I am not going to tell you that writing for a book packager doesn’t take too much time, because it does, but it also does not dominate. As with anything involving this industry, there are moments where there is rapid turnaround and you have to make a deadline – get the soufflé into the oven before it develops air bubbles, so to speak – and it’s all sugar flying in the air and smeared on your cheek, and then there’s the aftermath where you have to wait for the timer to go off again and you just don’t have anything to do that might distract you from your own projects.
Simply put: no, this is not going to put a crimp in your style and distract you from your own works in progress. I’ve had plenty of time to outline and plot and set aside notes, and often needed a moment to surface for air and think about something else just to get distance from the project on my plate, like always.
There’s also a lot of concern that putting your all into a project for a book packager isn’t going to pay off in terms of your career.
This just in: this thing, writing books for a packager, counts as part of your career, too. This is a writing credit. This is you proving that you work hard under deadline, that you have what it takes to stay with a prestigious outfit and bake with a taste they enjoy and feel proud to offer publishers, and it pays off with a book. All of that does count.
(I will also note, as an unrepresented author who is planning to query her own works independently, that being with Cake has given me opportunities to network and discuss plans for my career in a supportive environment, and I’ve heard similar remarks from friends at Paper Lantern Lit.)
What are the benefits of working with a book packager?
As I mentioned earlier, I definitely feel that there are a lot of benefits to working with a book packager: for one thing, those deadlines I mentioned.
Since I am a debut author, I hadn’t had that experience of being expected to do quick turnarounds, present samples from my draft and get almost immediate feedback in order to edit along the way or keep plot points in mind, and it’s definitely helped me think more about my own stories and their development, and the beats I want to hit in a particular plot.
Simply put, it’s made me a more organized author, one who realized that she needs an outline in order to turn out a faster, cleaner draft, and who is more understanding of the need for a process – and a bit (hopefully) more patient with herself as she devotes herself to working on making that process more efficient all around.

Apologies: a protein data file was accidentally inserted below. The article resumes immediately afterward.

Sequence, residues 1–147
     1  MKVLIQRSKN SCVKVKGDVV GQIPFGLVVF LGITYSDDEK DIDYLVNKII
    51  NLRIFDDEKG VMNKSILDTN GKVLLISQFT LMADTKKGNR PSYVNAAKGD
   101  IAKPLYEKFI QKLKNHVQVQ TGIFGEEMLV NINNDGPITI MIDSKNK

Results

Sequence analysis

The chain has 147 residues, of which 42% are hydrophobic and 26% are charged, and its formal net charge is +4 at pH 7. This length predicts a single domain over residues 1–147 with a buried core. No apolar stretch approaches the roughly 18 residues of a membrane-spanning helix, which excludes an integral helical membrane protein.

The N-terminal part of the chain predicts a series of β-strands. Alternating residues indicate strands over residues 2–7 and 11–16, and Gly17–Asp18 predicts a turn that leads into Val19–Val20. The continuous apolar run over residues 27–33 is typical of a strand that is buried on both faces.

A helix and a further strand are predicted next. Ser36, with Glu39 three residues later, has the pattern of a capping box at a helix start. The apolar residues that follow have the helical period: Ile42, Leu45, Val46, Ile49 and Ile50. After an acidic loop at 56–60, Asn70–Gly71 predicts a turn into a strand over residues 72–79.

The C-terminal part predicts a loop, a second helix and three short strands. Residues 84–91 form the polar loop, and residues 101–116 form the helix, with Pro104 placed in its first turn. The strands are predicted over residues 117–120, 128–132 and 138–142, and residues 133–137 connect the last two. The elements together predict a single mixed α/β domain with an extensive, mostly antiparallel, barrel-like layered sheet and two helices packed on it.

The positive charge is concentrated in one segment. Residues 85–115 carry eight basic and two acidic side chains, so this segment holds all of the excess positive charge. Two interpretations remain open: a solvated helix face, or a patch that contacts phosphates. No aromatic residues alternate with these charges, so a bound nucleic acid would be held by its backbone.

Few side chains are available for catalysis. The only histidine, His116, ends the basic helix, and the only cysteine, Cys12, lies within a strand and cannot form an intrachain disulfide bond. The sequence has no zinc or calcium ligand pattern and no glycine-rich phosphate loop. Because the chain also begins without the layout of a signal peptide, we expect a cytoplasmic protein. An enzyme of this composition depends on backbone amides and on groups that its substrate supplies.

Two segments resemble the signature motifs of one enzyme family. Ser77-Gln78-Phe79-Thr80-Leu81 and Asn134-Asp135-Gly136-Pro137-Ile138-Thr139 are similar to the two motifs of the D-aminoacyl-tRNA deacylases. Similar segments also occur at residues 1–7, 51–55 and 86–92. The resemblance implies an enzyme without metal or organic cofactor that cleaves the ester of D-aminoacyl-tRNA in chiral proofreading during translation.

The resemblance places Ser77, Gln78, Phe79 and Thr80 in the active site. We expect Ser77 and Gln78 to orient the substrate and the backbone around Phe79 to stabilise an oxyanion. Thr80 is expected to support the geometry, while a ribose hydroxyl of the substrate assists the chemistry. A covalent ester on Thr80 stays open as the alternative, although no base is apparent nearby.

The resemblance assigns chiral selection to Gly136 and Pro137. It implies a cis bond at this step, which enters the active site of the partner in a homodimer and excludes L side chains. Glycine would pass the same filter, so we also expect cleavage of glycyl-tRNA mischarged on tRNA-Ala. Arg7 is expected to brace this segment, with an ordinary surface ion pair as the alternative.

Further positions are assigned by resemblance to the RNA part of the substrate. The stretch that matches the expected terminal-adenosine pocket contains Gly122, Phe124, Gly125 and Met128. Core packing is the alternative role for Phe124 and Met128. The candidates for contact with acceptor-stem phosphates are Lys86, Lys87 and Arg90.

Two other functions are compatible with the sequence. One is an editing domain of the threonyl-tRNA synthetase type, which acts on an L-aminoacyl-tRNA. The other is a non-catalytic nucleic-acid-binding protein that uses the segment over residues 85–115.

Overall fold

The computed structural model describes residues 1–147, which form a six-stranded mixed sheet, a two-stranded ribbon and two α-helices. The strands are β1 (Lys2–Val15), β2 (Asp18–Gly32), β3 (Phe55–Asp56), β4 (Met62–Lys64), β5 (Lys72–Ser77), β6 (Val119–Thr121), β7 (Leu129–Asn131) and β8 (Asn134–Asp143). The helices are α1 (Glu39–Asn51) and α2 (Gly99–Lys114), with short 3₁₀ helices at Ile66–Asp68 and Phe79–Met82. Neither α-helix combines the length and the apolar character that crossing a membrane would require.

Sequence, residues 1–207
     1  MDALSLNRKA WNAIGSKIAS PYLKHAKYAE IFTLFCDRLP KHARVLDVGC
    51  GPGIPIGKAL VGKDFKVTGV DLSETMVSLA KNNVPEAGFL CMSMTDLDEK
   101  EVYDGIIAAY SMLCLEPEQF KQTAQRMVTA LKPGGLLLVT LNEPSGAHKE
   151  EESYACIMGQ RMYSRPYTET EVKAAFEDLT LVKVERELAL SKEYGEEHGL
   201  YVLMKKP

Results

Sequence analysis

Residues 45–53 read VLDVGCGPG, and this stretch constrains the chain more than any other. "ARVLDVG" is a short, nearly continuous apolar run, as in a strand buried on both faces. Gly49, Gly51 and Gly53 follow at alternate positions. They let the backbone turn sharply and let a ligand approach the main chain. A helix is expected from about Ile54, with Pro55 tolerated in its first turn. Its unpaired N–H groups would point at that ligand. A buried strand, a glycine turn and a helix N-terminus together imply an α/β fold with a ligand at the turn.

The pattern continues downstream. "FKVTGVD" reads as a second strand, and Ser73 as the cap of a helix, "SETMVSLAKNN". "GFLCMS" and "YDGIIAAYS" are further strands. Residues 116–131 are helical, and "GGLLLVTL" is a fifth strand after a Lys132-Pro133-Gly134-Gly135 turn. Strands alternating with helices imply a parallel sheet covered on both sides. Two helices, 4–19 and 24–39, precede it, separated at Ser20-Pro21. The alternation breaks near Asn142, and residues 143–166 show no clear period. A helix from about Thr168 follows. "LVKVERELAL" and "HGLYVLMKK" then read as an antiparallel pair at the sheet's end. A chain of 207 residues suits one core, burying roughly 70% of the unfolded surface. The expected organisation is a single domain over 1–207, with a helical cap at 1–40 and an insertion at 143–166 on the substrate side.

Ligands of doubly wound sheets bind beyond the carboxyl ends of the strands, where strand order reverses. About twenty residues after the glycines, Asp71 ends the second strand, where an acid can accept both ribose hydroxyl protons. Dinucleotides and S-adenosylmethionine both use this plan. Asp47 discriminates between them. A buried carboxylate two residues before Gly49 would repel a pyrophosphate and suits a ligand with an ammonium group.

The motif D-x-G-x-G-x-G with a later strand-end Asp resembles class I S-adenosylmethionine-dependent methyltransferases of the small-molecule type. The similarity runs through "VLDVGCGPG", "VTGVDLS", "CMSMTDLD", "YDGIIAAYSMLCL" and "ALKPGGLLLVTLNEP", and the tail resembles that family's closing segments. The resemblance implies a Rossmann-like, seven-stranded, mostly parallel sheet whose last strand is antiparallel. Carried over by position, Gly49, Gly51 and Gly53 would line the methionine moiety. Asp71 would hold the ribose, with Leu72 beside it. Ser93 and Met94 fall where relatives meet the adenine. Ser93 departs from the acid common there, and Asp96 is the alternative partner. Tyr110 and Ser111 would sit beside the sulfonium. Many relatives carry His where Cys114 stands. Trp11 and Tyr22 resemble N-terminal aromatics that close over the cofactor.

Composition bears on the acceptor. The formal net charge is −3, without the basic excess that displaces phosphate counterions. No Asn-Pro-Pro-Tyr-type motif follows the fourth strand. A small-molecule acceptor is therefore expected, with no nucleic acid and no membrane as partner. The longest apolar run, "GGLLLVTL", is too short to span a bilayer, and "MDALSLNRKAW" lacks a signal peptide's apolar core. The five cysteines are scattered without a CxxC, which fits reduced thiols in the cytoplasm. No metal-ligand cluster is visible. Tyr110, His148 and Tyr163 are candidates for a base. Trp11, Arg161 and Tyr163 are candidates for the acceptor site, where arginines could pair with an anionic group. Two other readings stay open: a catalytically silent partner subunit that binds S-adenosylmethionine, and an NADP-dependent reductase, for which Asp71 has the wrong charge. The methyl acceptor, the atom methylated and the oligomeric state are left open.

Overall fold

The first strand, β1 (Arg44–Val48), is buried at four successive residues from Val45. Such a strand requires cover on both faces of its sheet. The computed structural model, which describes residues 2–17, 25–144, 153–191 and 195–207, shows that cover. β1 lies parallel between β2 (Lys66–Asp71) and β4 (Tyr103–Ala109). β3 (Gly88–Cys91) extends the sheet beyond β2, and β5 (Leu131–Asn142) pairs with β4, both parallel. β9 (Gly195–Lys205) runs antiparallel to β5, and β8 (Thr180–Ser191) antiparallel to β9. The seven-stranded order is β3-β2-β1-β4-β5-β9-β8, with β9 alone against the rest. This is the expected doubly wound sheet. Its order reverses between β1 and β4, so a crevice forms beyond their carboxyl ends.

Also, having a team behind you to answer questions and make sure you aren’t lost about anything going on – whether it’s paperwork or a sudden substitution in the recipe that you aren’t sure about – is a wonderful, wonderful thing.
Writing, at the end of the day, is a solitary activity in that you have to sit down and put your ingredients together by yourself without anyone else typing up the words for you, but that doesn’t mean there can’t be people encouraging you to think the best of yourself and the story, and assuring you that there will be the right home for this marvelous creation you are collaborating on.
In addition, as an undergraduate student who started with Cake as a sophomore and is seeing her first book come out as a senior, it’s incredible to see just how and where writing can fit into my life without disturbing the rest of my schedule.
It gave me that sense of responsibility and balance that I think we so often have to learn on our own. I have a career and I was able to start it and work on my book while juggling homework and running to meet professors. It made me feel less like I was spinning my wheels and I was too young to be an official part of my community, and more like I was on the right path to publishing in my own way. At times, it’s felt very unconventional, but that’s also what’s amazing about book packaging: it proves that there is no right or wrong way to make it onto the shelves, as long as you have good people behind you and a tried and true recipe to help you get there.
If you’re considering auditioning for Cake Literary or Paper Lantern Lit, here is advice I feel qualified enough to give you:
- Definitely give a sample you are proud of and put your best foot forward.
- Be enthusiastic and optimistic, and be willing to seize an opportunity and try something new. (I’ve always thought of myself as not having the right voice to write an MG. Cake was sure I could – and apparently they knew best!)
- Don’t be shy about asking questions and make it clear you are confident in your abilities and your voice to order to make your project shine.
- Be ready for the ride! So much of this business is overwhelming and incredible once the ball gets rolling and I was appreciative of the people around me who reminded me to breathe, get what was on my plate done, not worry about what wasn’t there yet, and enjoy the experience.